Hungriest Foodie’s Chickpea Curry

This recipe comes from a culmination of recipes I have used over the years for Indian -style lentils. In this case I am using the black chickpea otherwise known as Bengal Gram. It is a wilder cousin of the chickpea we are familiar with. I mentioned this is my Hungriest Foodie column from the May/June […]

May 13, 2015

Recipes

This recipe comes from a culmination of recipes I have used over the years for Indian -style lentils. In this case I am using the black chickpea otherwise known as Bengal Gram. It is a wilder cousin of the chickpea we are familiar with. I mentioned this is my Hungriest Foodie column from the May/June 2015 issue of Edible Baja Arizona. If you are interested in learning how to grow your own chickpeas, I wrote about growing them last year.

Hungriest Foodie's Chickpea Curry
Print Recipe
Indian -style lentil curry, as mentioned in the May/June 2015 issue of Edible Baja Arizona magazine.
Servings Prep Time
4-6 people 10 minutes
Cook Time Passive Time
30 minutes At least 5 hours
Servings Prep Time
4-6 people 10 minutes
Cook Time Passive Time
30 minutes At least 5 hours
Hungriest Foodie's Chickpea Curry
Print Recipe
Indian -style lentil curry, as mentioned in the May/June 2015 issue of Edible Baja Arizona magazine.
Servings Prep Time
4-6 people 10 minutes
Cook Time Passive Time
30 minutes At least 5 hours
Servings Prep Time
4-6 people 10 minutes
Cook Time Passive Time
30 minutes At least 5 hours
Ingredients
Chickpea Ingredients
Sauce Ingredients
Servings: people
Instructions
Cooking the Chickpeas
  1. I start off by soaking the chickpeas in a solution of water and sodium bicarbonate otherwise known as baking soda, overnight. Use about double the water with a large pinch of baking soda. This helps soften up the chickpeas and starts a sprouting process. They won’t totally sprout, but the chemical process that is started within the seed is gearing it up to sprout. We take advantage of this chemical process to make them easier to cook and digest.
  2. After seeds have been soaked overnight, or during the day (at least 5 hours), drain water, rinse chickpeas, and add to your pressure cooker with about double the amount of water, cardamom pods, a cinnamon stick, and bay leaf. Optionally, you can also add in a few chili peppers to taste for a kick.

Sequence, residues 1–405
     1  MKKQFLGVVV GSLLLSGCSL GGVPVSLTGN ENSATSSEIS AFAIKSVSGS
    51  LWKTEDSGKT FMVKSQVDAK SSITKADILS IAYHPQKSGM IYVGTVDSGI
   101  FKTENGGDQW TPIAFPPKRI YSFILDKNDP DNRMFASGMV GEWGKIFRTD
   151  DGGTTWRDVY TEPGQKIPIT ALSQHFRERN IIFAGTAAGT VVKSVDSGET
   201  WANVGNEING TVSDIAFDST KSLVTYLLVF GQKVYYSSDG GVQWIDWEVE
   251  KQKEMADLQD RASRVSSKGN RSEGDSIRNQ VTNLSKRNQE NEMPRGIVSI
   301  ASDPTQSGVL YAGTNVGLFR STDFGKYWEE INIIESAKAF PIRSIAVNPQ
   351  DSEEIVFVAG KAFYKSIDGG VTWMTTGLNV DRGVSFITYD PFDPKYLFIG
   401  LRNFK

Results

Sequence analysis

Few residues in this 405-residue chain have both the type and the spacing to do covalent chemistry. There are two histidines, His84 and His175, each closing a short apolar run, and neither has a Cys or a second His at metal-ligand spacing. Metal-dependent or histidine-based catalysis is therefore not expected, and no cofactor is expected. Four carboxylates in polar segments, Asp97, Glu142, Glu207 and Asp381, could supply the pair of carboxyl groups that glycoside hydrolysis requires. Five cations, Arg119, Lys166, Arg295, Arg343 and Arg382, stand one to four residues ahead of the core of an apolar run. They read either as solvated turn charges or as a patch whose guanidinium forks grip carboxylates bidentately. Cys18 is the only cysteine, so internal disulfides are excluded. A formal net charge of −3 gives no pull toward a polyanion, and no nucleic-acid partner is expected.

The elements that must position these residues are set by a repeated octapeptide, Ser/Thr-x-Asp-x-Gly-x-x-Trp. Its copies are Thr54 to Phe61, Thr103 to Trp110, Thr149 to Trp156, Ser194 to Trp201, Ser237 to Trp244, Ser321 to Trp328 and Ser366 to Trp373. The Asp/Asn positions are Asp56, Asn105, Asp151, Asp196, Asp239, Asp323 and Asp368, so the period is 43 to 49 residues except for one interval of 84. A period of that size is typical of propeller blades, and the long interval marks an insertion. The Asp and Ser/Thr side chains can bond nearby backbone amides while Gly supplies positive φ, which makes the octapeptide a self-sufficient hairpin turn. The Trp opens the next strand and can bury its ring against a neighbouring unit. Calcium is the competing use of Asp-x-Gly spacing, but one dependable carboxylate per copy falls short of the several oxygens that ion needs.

3. If you have not used a pressure cooker before, please consult instructions. Start burner on high until water is boiling and cooker is hissing. Then turn to lowest setting and cook the chickpeas for about 20-30 minutes--basically until they are soft and you can smash them easily with your fingers. When they are done, drain enough water that there isn’t more than enough to cover the chickpeas. Don’t drain all the water. Remove the bay leaf, cardamom and cinnamon stick.
Making the Curry Sauce
  1. Take a can of whole, canned tomatoes and cut up into small pieces. You don’t have to be too thorough, the tomatoes will cook down. Set aside.
  2. While the chickpeas are cooking, take an iron skillet with some coconut oil and a dash or two of toasted sesame oil and heat up on medium high. Add in the cumin seeds, black peppercorns and mustard seed. Cook until they start to crackle or get dark brown.
  3. Add the curry, paprika and coriander and toast, stirring quickly. If oil is sucked up, add a little bit more. The house will start to smell amazing about now.
  4. Add in onions, garlic and a little bit more oil so that you can cook the onions until translucent.
  5. Add in tomatoes, salt and asafoetida, turn down heat to low and simmer for about 10 minutes.
  6. Once the sauce is cooked add it to the chickpeas in the pressure cooker and cook on low heat with lid on for about another 5 minutes.
  7. Eat as is, or add a blob of yogurt, sour cream or Crème fraîche in the middle of the bowl.
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